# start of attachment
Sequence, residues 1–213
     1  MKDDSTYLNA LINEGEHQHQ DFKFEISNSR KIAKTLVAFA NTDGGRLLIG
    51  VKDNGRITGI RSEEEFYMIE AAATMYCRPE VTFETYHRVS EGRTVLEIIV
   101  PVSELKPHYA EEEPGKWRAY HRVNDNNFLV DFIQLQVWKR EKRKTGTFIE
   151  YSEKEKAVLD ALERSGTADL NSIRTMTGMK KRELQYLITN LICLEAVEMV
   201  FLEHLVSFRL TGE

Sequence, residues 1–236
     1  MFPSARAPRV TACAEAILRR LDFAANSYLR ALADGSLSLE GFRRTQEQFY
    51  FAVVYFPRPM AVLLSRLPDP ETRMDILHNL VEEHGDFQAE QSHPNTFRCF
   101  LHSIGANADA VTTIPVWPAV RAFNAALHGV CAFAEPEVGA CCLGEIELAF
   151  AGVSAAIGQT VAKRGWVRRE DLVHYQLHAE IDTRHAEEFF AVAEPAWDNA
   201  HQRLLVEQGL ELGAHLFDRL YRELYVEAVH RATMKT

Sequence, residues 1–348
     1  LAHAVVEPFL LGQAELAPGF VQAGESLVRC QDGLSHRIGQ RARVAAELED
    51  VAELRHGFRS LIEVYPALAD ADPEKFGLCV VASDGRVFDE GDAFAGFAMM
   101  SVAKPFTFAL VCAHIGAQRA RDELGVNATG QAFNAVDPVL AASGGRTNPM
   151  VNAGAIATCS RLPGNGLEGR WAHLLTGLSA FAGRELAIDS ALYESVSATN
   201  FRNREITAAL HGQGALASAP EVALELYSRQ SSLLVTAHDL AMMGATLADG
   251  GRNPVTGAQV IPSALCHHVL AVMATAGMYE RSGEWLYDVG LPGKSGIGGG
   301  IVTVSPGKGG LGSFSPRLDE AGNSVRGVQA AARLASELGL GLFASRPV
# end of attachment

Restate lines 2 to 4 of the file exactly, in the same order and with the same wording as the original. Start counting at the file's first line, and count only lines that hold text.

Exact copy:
     1  MKDDSTYLNA LINEGEHQHQ DFKFEISNSR KIAKTLVAFA NTDGGRLLIG
    51  VKDNGRITGI RSEEEFYMIE AAATMYCRPE VTFETYHRVS EGRTVLEIIV
   101  PVSELKPHYA EEEPGKWRAY HRVNDNNFLV DFIQLQVWKR EKRKTGTFIE